I'm using the Juniper client for OSX ('Network Connect') to access a client's VPN. It appears that the client is configured to not use split-routing. The client's VPN host is not willing to enable split-routing.

Is there a way for me to over-ride this configuration or do sometime on my workstation to get the non-client network traffic to by-pass the VPN? This wouldn't be a big deal, but none of my streaming radio stations (e.g. XM) work will connected to their VPN.

Apologies for any inaccuracies in the terminology.

** edit **

The Juniper client changes my system's resolve.conf file from:



search XXX.com [redacted]

I've attempted to restore my preferred DNS entry to the file

$ sudo echo "nameserver" >> /etc/resolv.conf

but this results in the following error:

-bash: /etc/resolv.conf: Permission denied

How does the super-user account not have access to this file? Is there a way to prevent the Juniper client from making changes to this file?

8 Answers 8


About the permission problem Marcus is correct in his answer but there is a simpler way to append to files requiring super user privileges:

$ echo "nameserver" | sudo tee -a /etc/resolv.conf

The tee command will split output (like a T-junction) to both a file and stdout. -a will make sure it appends to the file instead of completely overwriting it (which you most likely don't want when manipulating system files such as resolve.conf or hosts). sudo will make sure tee runs with super user access so that it can change the file.

  • ++ for the sudo tee approach, but this technique won't override the VPN client's DNS resolver settings. /etc/resolve.conf contains the following warning on OSX: # This file is not used by the host name and address resolution # or the DNS query routing mechanisms used by most processes on # this Mac OS X system.
    – mklement
    Apr 30, 2016 at 0:16

I think the problem is what is executed as root in this line:

sudo echo "nameserver" >> /etc/resolv.conf

Only the "echo" command is run as root and the file writing output is done with your regular user - which probably doesn't have access to /etc/resolv.conf.

Try to run it this way:

sudo su
echo "nameserver" >> /etc/resolv.conf

As they have explained you already, the issue is that the policy is enforced client-side but setup on the server-side. This is a security feature, which allows the connecting network to avoid clients "bridging" unsecure and secure networks together.

The only way is to "hack" the client not to obey the server-side command.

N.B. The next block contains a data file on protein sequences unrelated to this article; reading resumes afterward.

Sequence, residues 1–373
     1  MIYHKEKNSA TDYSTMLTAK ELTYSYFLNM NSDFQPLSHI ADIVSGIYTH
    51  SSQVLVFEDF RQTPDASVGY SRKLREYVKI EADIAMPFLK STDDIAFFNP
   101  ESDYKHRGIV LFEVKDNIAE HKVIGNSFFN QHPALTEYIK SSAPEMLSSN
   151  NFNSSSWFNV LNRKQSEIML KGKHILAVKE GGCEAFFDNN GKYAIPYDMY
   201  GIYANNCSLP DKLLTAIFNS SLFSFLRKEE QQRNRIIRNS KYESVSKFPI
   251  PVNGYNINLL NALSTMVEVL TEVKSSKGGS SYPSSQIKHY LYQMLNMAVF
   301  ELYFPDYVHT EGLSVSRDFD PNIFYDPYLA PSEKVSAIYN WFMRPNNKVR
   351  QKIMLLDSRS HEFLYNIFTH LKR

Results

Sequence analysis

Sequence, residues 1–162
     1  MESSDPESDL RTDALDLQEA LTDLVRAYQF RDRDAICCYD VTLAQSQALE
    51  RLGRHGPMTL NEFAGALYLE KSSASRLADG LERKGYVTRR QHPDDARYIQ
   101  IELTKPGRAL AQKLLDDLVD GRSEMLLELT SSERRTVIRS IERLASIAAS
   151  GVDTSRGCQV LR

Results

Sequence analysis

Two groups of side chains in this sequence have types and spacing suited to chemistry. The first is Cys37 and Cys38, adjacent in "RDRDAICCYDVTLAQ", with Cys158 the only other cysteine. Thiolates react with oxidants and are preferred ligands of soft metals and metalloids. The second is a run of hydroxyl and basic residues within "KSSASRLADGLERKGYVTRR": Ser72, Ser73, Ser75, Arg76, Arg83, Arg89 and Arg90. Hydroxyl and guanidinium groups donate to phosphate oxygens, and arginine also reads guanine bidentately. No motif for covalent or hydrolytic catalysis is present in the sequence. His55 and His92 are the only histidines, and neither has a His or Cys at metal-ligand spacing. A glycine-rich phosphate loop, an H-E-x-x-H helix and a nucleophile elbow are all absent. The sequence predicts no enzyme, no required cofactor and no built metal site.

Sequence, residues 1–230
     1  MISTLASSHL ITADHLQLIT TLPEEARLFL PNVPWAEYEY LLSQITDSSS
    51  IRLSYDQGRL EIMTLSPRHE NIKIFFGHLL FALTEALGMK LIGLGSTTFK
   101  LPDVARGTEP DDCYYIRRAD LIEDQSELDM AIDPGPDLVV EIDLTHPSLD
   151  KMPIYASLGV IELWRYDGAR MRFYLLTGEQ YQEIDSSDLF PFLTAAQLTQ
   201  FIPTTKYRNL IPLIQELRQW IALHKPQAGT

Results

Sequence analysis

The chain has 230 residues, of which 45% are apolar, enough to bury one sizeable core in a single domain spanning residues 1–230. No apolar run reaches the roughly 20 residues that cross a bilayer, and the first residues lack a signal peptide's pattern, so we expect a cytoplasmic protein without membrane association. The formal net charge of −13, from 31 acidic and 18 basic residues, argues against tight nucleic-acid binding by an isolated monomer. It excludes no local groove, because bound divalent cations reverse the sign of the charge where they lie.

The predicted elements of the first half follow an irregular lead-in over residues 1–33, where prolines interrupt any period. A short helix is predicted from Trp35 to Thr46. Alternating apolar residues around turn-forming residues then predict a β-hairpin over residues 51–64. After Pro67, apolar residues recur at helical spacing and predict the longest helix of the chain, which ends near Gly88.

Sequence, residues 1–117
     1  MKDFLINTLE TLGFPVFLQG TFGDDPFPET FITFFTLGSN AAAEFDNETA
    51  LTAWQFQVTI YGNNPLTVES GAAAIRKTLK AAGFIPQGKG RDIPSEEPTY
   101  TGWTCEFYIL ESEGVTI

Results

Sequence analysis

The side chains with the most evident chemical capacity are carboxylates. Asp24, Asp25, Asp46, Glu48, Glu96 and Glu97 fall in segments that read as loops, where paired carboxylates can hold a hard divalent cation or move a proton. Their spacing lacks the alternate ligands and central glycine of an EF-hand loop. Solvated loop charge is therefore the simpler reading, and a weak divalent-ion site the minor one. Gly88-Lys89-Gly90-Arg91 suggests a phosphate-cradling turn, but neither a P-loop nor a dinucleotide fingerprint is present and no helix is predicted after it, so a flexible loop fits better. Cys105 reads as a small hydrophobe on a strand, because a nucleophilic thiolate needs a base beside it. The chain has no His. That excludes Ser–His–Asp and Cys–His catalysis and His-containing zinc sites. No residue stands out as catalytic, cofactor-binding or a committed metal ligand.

There is a tutorial you can find on the web (http://www.digitalinternals.com/network/workaround-juniper-junos-pulse-split-tunneling-restriction/447/) which is Windows-based, but actually requires tools such as IDA Pro and Assembly-language skills to patch the Pulse binary. This can also be considered illegal in several countries.

Basically, although the user experience may be degraded by forcing your client to fully route through the destination network, this allows network administrators to keep their network safer, and you should simply not do that.

Hope this helps.

  • This also works for Mac and Linux.
    – Pepijn
    Jan 3, 2016 at 16:22

I believe the policy is forced down from the server. Unless you somehow hack the juniper vpn client software you'll have to use the routing dictated.

It's part of VPN software feature-set that it can enforce security policies on clients.

  • I suspect that this is true, but I was hoping for a lower-level over-ride of the routing.
    – craibuc
    Mar 14, 2011 at 14:12
  • Would creating a static route solve this problem: Leopard Static Routes?
    – craibuc
    Mar 16, 2011 at 13:16
  • I don't think so. Oct 30, 2011 at 4:14

The only way to prevent this is to not connect. This is a security feature built into the back-end juniper appliance. The juniper client that launches merely enforces policy configured by the juniper/network admins that work for your client company. It is very easy to configure the juniper appliance to allow split-tunneling. If it isn't configured, it's either an oversight or a choice. Ask them to enable it. If they can't or won't , then it's their security policy. Fair warning: Hacking or exploiting a way to circumvent that policy breaches your code of conduct with your client (assuming that they have online use policies) and in many cases can be considered criminal. It can also destroy any security they attempted to build into their network from remote users... You've become a vector to them.

I know it's very slow to browse this way, streaming video is particularly fun, not to mention every single step is logged on the juniper appliance! It's really hurts the clients bandwidth too since it takes a bite out of resources multiple times just rerouting traffing in and out of their network to you.


Launch the vpn client from a virtual machine... voilà. Obviously you need to work from the virtual machine.


I hope i understand your question, you are VPN into a client but cannot access your XM or other sites. This may be due to a web filter on their end. I'd suggest, if there is an option for it, to enable local LAN access on your VPN client. This may solve your problem.

  • An option of this type doesn't exist.
    – craibuc
    Mar 14, 2011 at 14:10
  • Ok, i think you may be forced to use what ever the policy is that's being pushed out. Especially if it's not your network and you don't have access to the router/firewall.
    – Split71
    Mar 14, 2011 at 14:27

I'm using the Juniper NC client on a Fedora Linux client and I am able to create static routes to specific services or net segments. For example, the network I'm connecting to doesn't allow outgoing IMAP so I make a static route to my mail account. You need root access, of course. I also tried deleting the default route that NC creates but it has a deamon that re-adds it within seconds.

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